Association for Public Art Launches Phase 2 of Innovative Multi-Platform Listening Experience Museum Without Walls™: AUDIO

Press Release

Association for Public Art Launches Phase 2 of Innovative Multi-Platform Listening Experience Museum Without Walls™: AUDIO

PHILADELPHIA — Furthering its mission to promote and interpret public art in Philadelphia, the Association for Public Art (aPA) has launched the newest phase of its award-winning Museum Without Walls™: AUDIO, featuring 30 new audio programs for artworks located throughout Fairmount Park and Center City, including new stops for sculptures on and around City Hall and in Rittenhouse Square.

This innovative multi-platform audio program, started in 2010, now includes a total of 65 audio programs featuring more than 150 “voices” — people from all walks of life who have connections to the public artworks that enliven Philadelphia’s outdoor spaces. Phase 2 voices include Mayor Michael Nutter; artist Claes Oldenburg; David Kim, concert master and solo violinist with the Philadelphia Orchestra; Timothy Rub, director and CEO of the Philadelphia Museum of Art; Judith F. Dolkart, deputy director of art and archival collections at the Barnes Foundation; Kay Buffamonte, lead keeper of the “Big Cat Falls” at the Philadelphia Zoo; Dorothy Lichtenstein, widow of artist Roy Lichtenstein; and many more.

Museum Without Walls™: AUDIO is available to the public for free on multiple platforms, including: cell phone, by calling (215) 399-9000; a new and improved mobile app for iPhone or Android; or audio download/streaming audio on the official program website, The expansion of the audio program also includes 17 new permanent sculpture signs that are being installed throughout the Park and Center City.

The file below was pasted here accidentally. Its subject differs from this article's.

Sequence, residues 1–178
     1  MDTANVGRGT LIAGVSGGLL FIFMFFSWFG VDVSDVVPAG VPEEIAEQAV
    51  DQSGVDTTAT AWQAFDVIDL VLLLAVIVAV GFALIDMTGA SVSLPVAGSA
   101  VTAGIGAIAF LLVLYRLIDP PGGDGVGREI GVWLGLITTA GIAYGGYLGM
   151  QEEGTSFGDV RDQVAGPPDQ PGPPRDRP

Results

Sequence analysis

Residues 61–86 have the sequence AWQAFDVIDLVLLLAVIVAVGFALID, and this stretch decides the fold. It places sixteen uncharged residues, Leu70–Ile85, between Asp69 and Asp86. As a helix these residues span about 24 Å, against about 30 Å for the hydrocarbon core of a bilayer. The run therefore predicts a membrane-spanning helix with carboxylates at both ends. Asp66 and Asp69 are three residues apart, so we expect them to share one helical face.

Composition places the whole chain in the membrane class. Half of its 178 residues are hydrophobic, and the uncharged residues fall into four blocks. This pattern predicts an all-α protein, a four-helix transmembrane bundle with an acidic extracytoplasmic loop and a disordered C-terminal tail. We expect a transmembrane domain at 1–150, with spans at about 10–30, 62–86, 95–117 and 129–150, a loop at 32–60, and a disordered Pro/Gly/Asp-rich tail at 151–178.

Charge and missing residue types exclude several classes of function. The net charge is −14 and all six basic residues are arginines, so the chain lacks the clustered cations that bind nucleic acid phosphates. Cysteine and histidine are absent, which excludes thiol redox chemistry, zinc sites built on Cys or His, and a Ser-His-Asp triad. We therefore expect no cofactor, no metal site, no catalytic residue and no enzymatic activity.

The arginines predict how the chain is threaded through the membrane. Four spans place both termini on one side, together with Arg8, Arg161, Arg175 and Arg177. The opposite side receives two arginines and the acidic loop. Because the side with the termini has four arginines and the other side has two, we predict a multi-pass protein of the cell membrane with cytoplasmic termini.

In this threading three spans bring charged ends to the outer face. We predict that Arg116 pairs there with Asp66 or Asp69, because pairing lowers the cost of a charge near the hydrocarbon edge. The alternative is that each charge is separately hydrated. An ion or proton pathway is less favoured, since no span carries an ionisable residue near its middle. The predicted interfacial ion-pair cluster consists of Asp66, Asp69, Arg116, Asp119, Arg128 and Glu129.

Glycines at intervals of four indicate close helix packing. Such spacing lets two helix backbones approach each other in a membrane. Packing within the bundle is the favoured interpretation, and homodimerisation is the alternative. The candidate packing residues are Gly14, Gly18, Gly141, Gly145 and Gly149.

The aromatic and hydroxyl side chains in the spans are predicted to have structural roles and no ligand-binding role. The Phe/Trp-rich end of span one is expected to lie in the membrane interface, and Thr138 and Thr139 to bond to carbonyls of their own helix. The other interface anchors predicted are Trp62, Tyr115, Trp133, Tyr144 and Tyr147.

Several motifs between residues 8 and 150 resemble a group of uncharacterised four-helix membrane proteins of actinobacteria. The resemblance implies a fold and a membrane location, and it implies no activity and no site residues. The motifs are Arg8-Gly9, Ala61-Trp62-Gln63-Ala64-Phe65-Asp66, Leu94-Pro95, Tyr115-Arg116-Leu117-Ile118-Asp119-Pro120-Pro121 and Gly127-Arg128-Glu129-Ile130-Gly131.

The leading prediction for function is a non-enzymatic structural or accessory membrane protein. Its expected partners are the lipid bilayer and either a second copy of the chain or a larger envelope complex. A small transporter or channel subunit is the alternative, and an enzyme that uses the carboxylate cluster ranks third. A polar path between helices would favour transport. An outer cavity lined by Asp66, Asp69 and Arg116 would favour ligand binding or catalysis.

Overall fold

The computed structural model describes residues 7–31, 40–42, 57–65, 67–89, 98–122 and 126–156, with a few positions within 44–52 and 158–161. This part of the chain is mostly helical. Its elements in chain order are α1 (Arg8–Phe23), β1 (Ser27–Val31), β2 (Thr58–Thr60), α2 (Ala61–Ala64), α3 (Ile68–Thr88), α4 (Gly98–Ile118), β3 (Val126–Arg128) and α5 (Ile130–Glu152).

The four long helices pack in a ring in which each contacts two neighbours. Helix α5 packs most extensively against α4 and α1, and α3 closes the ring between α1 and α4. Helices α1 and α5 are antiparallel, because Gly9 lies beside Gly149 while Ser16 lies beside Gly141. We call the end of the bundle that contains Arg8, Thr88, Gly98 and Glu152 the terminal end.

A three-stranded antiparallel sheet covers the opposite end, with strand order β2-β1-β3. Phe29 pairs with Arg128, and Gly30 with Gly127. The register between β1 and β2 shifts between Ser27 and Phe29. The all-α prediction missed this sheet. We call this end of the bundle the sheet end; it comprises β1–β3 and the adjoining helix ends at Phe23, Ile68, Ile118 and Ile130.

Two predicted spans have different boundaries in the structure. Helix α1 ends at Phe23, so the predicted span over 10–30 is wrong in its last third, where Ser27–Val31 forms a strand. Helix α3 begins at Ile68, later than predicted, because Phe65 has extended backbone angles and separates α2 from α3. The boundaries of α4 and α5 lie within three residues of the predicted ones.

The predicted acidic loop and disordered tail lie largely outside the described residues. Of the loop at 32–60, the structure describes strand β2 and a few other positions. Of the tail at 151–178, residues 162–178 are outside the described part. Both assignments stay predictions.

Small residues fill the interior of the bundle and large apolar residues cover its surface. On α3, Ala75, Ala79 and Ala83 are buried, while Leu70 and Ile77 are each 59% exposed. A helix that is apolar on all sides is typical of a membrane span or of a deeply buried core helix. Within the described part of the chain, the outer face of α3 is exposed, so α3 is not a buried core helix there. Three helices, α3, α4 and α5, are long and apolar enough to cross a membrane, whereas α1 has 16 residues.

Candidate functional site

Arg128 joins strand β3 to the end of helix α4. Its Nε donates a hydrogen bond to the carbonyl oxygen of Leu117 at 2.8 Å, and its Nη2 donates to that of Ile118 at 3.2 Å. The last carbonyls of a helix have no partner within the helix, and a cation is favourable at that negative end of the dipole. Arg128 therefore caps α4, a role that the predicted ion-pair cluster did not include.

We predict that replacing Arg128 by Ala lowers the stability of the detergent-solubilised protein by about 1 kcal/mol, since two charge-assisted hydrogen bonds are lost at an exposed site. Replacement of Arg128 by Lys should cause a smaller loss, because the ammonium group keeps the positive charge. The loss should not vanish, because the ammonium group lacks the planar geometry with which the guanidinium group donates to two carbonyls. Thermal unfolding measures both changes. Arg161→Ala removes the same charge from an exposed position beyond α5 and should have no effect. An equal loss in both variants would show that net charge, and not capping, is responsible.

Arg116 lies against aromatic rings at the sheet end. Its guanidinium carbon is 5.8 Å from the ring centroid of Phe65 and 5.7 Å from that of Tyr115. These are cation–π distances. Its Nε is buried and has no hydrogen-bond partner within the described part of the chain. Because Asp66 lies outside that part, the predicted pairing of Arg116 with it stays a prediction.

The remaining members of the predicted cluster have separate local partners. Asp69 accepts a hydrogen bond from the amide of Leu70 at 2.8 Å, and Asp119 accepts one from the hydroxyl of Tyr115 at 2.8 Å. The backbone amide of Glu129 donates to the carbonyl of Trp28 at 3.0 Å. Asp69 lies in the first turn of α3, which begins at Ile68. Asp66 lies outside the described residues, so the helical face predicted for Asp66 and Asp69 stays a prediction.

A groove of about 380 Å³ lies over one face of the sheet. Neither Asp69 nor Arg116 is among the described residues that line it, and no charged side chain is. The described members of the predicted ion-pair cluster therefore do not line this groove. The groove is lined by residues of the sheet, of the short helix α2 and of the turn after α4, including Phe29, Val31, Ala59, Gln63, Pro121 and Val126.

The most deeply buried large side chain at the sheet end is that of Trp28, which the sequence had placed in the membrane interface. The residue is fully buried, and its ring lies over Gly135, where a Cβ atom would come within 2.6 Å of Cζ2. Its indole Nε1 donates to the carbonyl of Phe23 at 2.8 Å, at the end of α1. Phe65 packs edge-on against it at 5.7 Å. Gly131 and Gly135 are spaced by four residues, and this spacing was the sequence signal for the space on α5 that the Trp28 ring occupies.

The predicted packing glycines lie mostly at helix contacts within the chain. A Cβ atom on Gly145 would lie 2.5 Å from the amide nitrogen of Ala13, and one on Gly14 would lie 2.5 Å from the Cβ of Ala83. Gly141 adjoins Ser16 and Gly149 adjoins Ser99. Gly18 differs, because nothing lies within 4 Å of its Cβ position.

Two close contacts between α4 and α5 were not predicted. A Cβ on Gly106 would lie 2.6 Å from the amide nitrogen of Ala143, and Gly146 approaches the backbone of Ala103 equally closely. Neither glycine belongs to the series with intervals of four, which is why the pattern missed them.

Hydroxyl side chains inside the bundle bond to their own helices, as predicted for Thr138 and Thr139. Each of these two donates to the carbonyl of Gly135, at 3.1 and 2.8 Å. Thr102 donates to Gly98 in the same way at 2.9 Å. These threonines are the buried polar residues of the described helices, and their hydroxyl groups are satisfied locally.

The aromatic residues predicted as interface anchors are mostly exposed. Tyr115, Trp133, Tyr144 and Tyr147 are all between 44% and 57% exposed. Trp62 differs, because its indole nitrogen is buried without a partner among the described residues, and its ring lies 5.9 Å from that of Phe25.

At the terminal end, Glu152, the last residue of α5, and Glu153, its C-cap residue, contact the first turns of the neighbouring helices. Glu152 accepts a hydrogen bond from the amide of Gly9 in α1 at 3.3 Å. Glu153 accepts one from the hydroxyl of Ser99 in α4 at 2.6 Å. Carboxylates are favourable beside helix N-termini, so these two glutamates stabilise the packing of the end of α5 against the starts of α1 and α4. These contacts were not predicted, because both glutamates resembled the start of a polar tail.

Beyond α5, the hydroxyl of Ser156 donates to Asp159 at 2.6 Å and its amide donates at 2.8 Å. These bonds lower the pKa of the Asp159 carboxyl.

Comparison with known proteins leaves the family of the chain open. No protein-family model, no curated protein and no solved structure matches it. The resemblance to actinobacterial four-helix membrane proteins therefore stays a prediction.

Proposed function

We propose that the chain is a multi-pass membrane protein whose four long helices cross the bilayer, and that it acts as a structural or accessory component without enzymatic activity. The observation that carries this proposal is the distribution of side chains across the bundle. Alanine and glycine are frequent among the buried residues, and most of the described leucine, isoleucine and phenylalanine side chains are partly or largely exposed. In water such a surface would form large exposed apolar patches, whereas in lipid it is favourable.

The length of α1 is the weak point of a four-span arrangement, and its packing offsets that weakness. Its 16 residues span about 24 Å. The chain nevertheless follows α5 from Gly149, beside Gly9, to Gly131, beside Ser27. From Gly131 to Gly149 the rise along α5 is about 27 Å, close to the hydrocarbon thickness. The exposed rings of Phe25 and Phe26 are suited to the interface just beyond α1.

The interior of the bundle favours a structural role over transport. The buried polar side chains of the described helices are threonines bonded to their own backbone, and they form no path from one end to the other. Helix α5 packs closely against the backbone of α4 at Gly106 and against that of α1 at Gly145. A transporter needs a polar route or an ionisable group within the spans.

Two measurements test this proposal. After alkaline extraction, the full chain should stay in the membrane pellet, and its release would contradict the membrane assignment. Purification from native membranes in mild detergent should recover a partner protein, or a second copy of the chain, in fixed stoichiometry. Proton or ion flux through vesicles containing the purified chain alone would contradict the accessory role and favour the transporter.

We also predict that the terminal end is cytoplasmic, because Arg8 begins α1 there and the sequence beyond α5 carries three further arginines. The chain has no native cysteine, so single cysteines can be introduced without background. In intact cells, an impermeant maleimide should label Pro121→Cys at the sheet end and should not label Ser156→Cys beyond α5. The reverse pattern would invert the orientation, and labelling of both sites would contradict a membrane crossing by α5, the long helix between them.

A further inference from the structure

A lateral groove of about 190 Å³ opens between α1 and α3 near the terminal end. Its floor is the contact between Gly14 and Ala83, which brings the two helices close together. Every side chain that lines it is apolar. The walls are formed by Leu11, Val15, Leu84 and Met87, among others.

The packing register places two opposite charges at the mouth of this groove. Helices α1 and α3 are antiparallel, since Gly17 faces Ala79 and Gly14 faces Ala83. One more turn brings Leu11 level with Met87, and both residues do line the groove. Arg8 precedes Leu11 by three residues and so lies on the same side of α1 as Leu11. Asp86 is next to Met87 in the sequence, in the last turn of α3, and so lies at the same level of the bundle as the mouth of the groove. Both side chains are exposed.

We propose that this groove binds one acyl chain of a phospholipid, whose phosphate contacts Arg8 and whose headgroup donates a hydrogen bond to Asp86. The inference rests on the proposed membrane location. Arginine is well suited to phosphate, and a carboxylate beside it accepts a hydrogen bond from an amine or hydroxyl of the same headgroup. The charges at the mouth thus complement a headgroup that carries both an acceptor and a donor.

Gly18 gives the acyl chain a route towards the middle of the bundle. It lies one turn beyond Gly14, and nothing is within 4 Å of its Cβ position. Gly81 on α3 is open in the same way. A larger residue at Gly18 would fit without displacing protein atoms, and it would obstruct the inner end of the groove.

“Since its launch, the program has resulted in over 25,000 audience contacts, and feedback — both from users and the field — has been overwhelmingly positive,” says Penny Balkin Bach, executive director of the Association for Public Art. “Museum Without Walls™: AUDIO enables us reach a large cross-section of people, and brings much-deserved attention to Philadelphia’s exceptional collection of public art.”

The narrative structure of Museum Without Walls™: AUDIO offers a fresh approach for talking about public art and reaching new audiences. Each narrative complements the viewer’s experience of outdoor sculpture with a program that is as unique as the artwork it describes, featuring different voices, themes and production styles, produced by award-winning public radio producers and journalists. Programs explore personal and cultural connections to the art, while offering insight into the artists and their processes, what the sculptures represent, the history surrounding the works, and why the pieces were commissioned and installed at specific sites in Philadelphia.


Works in Phase 2 of Museum Without Walls™: AUDIO include Claes Oldenburg’s iconic Clothespin near City Hall; Roy Lichtenstein’s colorful Brushstroke Group outside the United Plaza Building at 17th and Market Streets; Paul Manship’s Duck Girl in Rittenhouse Square; Martin Puryear’s Pavilion in the Trees at the Fairmount Park Horticulture Center; Jody Pinto’s Fingerspan, a functional bridge located along the Wissahickon Creek trail; the monument to Frank L. Rizzo outside the Municipal Services Building at 15th Street and JFK Boulevard; and many more.